Employee requests for religious accommodation at work are not always handled appropriately, take for instance Ashanti McShan's case.
Ashanti McShan, a 17-year old high-school student, was excited about her first day of work at Burger King. She had just been hired as a cashier at the fast food restaurant.
The hiring manager had assured her that her long, black skirt would be acceptable dress, as it was in conformance with her religious beliefs as a Pentacostal Christian.
When McShan showed up for orientation, her excitement soon turned to disappointment after the store manager told her that her skirt wasn't suitable for the job. Instead, she would be required to wear the standard uniform pants.
McShan tried to explain to the store manager that when she’d interviewed for the position, she had been told otherwise. However, the response from the manager standing in front of her today was completely offensive. Instead of starting her new job, she was instructed to leave the store.
According to the EEOC complaint, when McShan tried to contact senior management, her calls went unreturned. Eventually, her employment was terminated.
McShan sued Burger King, claiming illegal discrimination on the basis of religion. (Burger King later settled for $25,000 and "other relief.")
Where did the fast-food chain go wrong?
The Civil Rights Act of 1964 (commonly referred to as “Title VII”), prohibits employers from discriminating against applicants or employees on the basis of religion and requires that employers provide accommodation for employees’ sincerely held religious beliefs unless the accommodation would be an undue hardship.
And while the law doesn’t require that employers grant the exact accommodation requested (the accommodation just needs to be “reasonable”) employers can’t summarily dismiss requests out of hand, either. Doing so is the quickest way for an employer to get into hot water, and it’s crummy employee relations, too.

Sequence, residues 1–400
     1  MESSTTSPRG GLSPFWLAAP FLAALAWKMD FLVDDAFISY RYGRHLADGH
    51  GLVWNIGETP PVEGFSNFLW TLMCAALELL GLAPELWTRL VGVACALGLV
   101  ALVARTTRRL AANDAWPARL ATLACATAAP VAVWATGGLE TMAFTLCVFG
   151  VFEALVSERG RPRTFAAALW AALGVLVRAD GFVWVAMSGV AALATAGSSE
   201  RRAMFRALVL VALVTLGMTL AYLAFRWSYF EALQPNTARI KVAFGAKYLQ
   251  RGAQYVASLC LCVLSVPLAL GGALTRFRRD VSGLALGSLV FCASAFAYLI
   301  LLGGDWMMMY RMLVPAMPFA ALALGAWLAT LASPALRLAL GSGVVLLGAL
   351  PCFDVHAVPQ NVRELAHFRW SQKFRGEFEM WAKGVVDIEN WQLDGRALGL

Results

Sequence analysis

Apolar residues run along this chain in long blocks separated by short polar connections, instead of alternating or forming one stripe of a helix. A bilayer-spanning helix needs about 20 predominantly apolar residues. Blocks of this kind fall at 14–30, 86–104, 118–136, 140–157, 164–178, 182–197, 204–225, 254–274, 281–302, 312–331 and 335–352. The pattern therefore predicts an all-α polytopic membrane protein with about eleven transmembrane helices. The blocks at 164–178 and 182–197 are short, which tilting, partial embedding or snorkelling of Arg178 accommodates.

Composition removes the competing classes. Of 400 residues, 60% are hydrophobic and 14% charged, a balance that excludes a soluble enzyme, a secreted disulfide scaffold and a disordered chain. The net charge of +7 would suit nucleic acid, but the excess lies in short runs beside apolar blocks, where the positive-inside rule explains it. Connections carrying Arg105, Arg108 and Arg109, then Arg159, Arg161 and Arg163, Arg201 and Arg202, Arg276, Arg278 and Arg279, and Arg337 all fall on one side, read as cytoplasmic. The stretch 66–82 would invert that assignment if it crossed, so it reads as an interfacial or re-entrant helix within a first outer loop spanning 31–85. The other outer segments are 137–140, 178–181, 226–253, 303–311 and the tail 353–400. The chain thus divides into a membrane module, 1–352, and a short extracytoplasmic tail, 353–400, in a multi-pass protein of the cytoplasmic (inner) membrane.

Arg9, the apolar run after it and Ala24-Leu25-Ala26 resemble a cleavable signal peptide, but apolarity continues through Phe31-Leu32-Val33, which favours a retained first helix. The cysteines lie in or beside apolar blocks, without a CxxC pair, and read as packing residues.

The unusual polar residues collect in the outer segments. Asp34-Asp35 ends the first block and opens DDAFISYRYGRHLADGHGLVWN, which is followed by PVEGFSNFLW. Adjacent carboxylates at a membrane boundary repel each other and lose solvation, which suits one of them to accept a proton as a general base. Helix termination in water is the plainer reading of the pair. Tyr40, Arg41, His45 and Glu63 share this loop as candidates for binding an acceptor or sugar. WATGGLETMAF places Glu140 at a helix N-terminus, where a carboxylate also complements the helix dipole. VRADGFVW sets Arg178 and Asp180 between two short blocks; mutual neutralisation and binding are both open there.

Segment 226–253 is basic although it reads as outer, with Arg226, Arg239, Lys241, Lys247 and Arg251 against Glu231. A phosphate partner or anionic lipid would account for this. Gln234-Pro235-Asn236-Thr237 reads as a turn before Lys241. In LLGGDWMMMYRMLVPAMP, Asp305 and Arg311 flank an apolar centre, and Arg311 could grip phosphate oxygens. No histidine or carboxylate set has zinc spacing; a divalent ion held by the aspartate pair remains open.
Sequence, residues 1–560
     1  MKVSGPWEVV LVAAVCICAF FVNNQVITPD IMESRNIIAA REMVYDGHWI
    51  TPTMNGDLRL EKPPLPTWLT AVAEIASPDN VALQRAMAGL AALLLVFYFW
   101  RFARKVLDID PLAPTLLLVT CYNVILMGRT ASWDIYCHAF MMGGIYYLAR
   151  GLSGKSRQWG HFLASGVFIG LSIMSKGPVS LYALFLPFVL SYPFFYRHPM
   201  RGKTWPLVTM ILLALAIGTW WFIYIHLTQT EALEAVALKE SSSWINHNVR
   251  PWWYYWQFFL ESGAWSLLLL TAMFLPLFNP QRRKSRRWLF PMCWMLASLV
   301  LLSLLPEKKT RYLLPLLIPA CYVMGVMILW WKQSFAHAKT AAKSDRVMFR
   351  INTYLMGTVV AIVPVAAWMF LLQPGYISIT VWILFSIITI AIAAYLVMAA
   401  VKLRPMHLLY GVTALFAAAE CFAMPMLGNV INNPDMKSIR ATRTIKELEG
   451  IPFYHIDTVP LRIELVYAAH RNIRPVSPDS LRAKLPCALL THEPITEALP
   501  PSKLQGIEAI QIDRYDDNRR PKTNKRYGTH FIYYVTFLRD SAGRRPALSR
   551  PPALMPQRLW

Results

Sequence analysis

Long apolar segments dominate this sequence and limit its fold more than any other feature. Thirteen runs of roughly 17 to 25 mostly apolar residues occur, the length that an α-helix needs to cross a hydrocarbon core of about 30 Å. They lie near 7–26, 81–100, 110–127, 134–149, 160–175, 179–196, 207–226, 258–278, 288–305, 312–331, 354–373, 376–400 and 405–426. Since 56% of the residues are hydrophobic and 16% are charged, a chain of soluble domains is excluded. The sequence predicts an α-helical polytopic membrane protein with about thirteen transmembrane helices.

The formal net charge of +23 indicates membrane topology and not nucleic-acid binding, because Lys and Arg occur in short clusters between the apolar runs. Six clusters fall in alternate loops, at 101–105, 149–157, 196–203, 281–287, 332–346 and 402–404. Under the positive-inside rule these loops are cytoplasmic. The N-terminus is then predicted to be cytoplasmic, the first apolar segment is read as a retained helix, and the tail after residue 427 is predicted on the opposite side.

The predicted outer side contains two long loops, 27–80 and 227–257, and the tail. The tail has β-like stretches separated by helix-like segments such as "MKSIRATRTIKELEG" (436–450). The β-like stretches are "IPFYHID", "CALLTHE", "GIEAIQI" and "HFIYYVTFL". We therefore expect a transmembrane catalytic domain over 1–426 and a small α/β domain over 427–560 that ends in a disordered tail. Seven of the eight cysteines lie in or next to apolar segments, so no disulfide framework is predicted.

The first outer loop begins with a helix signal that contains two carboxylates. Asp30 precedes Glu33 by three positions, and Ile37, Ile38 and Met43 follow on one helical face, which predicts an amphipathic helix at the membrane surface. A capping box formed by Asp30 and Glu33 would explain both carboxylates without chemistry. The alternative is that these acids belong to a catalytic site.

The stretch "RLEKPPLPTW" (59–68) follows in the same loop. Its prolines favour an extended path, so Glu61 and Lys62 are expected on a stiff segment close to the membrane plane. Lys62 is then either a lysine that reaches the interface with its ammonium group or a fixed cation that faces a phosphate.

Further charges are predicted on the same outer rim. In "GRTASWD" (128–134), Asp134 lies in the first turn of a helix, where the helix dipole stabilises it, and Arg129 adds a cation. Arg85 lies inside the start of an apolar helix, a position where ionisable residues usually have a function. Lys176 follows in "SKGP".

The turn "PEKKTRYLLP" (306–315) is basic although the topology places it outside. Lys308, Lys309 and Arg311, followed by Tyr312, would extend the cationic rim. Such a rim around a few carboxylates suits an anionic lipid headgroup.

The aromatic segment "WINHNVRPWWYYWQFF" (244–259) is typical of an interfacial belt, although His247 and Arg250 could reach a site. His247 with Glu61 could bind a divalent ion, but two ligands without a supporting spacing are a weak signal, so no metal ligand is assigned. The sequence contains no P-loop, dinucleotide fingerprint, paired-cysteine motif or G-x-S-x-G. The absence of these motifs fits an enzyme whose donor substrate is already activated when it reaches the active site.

Listen. Don’t assume you know the answer to your employee’s question before she’s finished asking it. And please, regardless of your personal religious beliefs, be sure to maintain a professional and neutral position to the request. Reacting with disdain or disbelief is a sure way to elicit a negative reaction from your employee and get the conversation going in the wrong direction.
Even if you’re not 100% certain the request meets the criteria for an accommodation under the law, if you can honor it without hurting your business, what’s the harm in doing so? Your employee will appreciate it, and that kind of appreciation can lead to the kind of loyalty that can't be bought. You can always (and should actually) inform the employee in writing that you’re granting the request for reasons other than legal.
(By the way, if you aren’t sure of your legal obligations, don’t hesitate to consult with your attorney.)
As mentioned earlier, an employer is under no obligation to accommodate an employee’s exact request if doing so would be an undue hardship.
Still, it’s important to keep in mind that a hardship is not a mere inconvenience. It might be a pain to adjust the schedules of three of your workers so that one can attend religious services during a regular workday, but a little pain and a true hardship aren’t one and the same.
The manager who interviewed McShan got it right. So why did the second manager get it all wrong? Train your managers to ensure they get it right all the time.
(It’s also a good idea to create checks and balances in your employment processes, too. It’s always a bad idea to allow a manager sole authority to hire and fire. Always.)
When approached with a request for religious accommodation, the law requires that the employer engage in a mandatory “interactive process.”
In other words, the employer needs to have a conversation with the employee before determining whether the request can be met. During this process, it’s expected that the employer will keep an open mind, which means listening without assumption, asking good and pointed questions as appropriate, and following up on requests.
Lorene Schaefer, employment attorney and managing partner of Win-Win HR, a law firm focused exclusively on alternative dispute resolution in the workplace, suggests that employers document whenever they talk to employees about religious accommodation requests and that they document the thought process for granting or (especially) refusing the request.
According to the Department of Labor, charges of religious discrimination make up 4% of all the charges filed annually.